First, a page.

Generating Emotion Models for Loomo
Defining an emotion model that can be applied to Loomo to express emotions. Master project by Maximilian Feigl
In times of need for care personal their robotic counterparts are an interesting and striving research topic. To improve the coexistence of robots and humans it is important for robots to be able to display emotions. Because the current development process of specific models for each robot is very expensive, the objective of this thesis is to develop a universally usable model which can automatically display emotions for robots with different capabilities and limitations. Therefore the first step is to sight the literature about emotions to map specific movements and facial expressions to specific emotions. Afterwards the specific needs, to enable as many robots as possible to display emotions, for such a model are reviewed. This review shows that feature models already have the capability to display most of the needed notation, which leads to them beeing used as the basis of the here introduced emotion models. To check wether said models have the ability to create recognizable emotions an android library is created which is used to enable the robot Loomo of Segway Robotics display emotions. The performed user study shows that basic emotions are easily distinguishable and have 80 % recognition rate, while other emotions lacked behind because of the missing context that is needed to identify them.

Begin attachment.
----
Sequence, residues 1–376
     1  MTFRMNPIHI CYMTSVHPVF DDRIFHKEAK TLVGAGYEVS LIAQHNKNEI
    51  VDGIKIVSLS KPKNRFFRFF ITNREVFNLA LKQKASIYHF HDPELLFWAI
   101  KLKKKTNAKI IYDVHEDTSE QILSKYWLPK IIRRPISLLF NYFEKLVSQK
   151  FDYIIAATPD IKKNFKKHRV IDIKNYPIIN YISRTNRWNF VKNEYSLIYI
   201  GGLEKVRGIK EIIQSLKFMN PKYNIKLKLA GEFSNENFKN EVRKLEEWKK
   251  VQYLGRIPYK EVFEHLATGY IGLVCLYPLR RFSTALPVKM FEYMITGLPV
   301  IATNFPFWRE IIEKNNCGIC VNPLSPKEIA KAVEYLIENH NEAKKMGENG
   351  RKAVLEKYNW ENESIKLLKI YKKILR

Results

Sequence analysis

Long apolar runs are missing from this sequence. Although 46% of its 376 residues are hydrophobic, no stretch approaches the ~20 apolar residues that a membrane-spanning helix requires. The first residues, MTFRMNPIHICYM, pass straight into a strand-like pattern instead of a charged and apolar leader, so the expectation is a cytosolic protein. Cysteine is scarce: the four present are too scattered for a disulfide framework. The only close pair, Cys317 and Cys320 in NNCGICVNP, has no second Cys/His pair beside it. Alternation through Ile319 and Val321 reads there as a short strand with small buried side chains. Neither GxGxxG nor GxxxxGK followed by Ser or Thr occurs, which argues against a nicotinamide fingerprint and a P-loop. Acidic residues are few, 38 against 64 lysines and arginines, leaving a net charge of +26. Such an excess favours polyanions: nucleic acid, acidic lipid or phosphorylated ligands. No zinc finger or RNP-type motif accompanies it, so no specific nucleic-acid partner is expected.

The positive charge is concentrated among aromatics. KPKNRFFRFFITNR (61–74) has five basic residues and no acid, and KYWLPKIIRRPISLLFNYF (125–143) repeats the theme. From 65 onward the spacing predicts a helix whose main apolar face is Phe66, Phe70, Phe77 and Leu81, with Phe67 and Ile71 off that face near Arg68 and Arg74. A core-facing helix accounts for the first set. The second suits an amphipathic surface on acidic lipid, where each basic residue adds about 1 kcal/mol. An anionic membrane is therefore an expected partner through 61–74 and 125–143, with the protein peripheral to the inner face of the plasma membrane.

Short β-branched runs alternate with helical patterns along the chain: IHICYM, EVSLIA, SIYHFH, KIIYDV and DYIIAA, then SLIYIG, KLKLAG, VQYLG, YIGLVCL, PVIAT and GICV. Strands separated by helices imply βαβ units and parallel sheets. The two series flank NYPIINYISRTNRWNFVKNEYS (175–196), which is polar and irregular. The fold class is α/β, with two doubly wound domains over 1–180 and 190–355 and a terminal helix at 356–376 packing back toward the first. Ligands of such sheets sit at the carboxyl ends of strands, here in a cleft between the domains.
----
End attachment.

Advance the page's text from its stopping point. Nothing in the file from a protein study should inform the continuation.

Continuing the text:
You can download the full thesis as PDF file (3 MB) here.
Generating Emotion Models for Loomo #2
[…] Animals might present an alternative approach. Lacking resemblance to humans, animals, especially pets, still manage to express emotions which can be received and partly understood. In [Lak+14] Latakos et al. attempted to mimic a dogs behavior with a robot. The Paro is a robot with the appearance and (superficial) behavior of a baby seal[Sab+13]. It is supposed to provide company for the elderly by reacting to verbal or physical actions. This suggests that human-animal-interaction might help to improve human-robot-interaction.
Delbaere et al. explained how objects are personified in ads to be perceived as humanoid or anthropomorphic [DMP11]. They observed that emotional reactions are caused and lead to an increased acceptance of the advertised product.
There are various instances of pop culture where an emotional bond to a figure is created despite the lack of any human resemblance. The nature of the figure can range from animals to inanimate objects (Fig 1.2) to robots (Fig 1.1). That suggests there are mechanisms that enable humans to have emotional relationships to non-human beings. […]
You can download the full submission as PDF file (6 MB) here.